Article Archive for July 2012
Craigslist sues Padmapper.com and 3Taps, accusing both companies of copyright and trademark violations arising from their aggregating Craigslist listings without Craigslist’s permission.
Pro-Obama SuperPac Priorities USA Action removed an anti-Romney ad that featured footage from the 2002 Olympics after a request from the US Olympic Committee.
In the continuing saga that is Apple’s pursuit of Samsung for patent infringement of Apple’s design for its iPad, a British court last week found that although Samsung’s Galaxy Tab tablet computer may not be as “cool” as the iPad, it nevertheless did not infringe on the Cupertino, California, company’s design.
Last week, Google lost a UDRP proceeding in the National Arbitration Forum against Blue Arctic Hosting for the domain name oogle.com.
– In early July, nine South American nations formalized PROSUR, a cooperation agreement in intellectual property rights. The first priority of the agreement is to share information regarding patent applications under examination in each nation’s IP office. Later on, participants will cooperate in the registration of trademarks.
CBS’s lost its temporary restraining order against ABC’s The Glass House in large part because its copyright claims were so generic that they could apply to all reality TV shows.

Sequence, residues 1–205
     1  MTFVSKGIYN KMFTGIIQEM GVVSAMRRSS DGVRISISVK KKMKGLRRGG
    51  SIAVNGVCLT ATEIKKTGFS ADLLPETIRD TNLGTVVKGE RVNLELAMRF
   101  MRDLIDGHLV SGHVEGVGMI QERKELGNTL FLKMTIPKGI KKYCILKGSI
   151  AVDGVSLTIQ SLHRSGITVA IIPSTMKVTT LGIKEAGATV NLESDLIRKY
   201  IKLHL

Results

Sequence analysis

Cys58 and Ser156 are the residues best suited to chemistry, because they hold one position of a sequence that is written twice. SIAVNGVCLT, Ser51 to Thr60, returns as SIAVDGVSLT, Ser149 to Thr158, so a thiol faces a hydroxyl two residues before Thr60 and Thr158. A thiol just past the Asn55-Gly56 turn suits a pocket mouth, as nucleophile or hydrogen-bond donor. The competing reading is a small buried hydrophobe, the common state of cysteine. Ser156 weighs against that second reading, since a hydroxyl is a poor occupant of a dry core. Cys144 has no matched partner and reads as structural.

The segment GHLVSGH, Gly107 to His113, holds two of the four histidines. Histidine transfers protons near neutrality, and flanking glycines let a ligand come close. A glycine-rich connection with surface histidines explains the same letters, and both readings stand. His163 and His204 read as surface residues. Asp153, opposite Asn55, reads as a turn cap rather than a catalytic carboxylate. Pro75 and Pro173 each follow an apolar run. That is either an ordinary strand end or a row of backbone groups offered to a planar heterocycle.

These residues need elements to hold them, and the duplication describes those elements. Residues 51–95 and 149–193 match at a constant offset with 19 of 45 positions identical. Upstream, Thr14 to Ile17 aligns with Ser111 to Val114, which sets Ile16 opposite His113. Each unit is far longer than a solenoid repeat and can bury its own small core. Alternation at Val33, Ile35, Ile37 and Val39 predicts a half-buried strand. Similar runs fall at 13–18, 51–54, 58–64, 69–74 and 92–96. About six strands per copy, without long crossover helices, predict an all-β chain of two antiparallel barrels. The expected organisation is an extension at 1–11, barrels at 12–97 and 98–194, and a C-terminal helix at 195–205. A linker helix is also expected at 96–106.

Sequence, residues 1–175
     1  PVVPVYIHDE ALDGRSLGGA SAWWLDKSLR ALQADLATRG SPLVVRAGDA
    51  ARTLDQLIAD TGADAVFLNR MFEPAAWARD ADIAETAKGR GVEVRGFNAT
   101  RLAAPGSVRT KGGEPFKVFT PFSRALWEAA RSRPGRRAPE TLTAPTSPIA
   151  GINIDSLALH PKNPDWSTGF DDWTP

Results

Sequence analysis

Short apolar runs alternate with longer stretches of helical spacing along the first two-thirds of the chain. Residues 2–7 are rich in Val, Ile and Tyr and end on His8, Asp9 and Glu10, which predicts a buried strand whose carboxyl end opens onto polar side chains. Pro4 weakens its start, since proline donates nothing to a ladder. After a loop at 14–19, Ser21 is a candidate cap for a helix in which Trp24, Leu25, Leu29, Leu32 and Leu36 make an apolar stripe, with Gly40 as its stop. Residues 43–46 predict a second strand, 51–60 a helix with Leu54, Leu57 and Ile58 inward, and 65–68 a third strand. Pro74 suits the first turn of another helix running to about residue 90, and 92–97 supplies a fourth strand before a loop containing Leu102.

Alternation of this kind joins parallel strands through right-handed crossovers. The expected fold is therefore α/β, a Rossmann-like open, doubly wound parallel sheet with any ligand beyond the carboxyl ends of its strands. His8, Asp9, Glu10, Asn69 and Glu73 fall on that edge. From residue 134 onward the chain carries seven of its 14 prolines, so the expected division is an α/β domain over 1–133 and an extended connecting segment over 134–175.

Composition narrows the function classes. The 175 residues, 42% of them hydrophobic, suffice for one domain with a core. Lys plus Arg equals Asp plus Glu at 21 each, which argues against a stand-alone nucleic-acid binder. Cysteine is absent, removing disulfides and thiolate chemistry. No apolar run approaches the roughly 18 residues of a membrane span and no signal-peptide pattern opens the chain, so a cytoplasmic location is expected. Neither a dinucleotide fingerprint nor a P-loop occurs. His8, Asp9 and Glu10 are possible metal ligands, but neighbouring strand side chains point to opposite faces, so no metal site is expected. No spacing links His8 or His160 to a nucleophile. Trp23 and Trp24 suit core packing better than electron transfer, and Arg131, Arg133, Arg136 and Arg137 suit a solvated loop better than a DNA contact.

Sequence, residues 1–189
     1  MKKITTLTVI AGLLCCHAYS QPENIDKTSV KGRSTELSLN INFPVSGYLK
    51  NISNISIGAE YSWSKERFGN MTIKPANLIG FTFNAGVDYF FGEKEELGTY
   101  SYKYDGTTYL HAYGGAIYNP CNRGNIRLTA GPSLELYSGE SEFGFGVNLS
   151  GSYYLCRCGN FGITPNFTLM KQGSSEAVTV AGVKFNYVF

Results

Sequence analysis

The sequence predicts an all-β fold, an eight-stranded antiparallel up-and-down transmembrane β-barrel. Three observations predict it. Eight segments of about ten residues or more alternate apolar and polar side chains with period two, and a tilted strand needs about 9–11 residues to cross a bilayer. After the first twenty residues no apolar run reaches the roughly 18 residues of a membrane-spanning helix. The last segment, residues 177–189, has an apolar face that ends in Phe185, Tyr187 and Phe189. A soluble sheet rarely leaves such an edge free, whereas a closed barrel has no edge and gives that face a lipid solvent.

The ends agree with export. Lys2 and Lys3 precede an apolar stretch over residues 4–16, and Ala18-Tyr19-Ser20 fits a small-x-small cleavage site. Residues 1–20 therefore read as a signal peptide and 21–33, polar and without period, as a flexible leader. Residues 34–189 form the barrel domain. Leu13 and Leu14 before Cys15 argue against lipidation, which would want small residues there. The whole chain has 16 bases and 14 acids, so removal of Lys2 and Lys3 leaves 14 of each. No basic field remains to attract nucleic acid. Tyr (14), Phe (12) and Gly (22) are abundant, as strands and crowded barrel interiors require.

Ed Kowalczyk, former lead singer of the band “Live”, is being sued by his former band members for trademark infringement. After officially leaving the band in 2009, Kowalczyk has kept using the name, touring as “Ed Kowalczyk from Live”. Action Front Unlimited, the company he created with the other Live members in 1989 is suing him in order to obtain an injunction to prevent him from using the name and to recover $2 million in damages.
Mitt Romney’s presidential campaign faced a hiccup last week when one of its political ads was pulled off YouTube. BMG Rights Management had alleged the video to feature a recording of a song that infringed upon BMG’s copyright, so it sent YouTube a DMCA takedown request.
Louis Vuitton sued Warner Bros. after the entertainment powerhouse used fake Louis Vuitton bags in the airport scene of the movie, The Hangover Part II.
After quickly resolving a trademark infringement complaint over the phone, Coronado erroneously believes it will share a beer with the brewery it attempted to sue.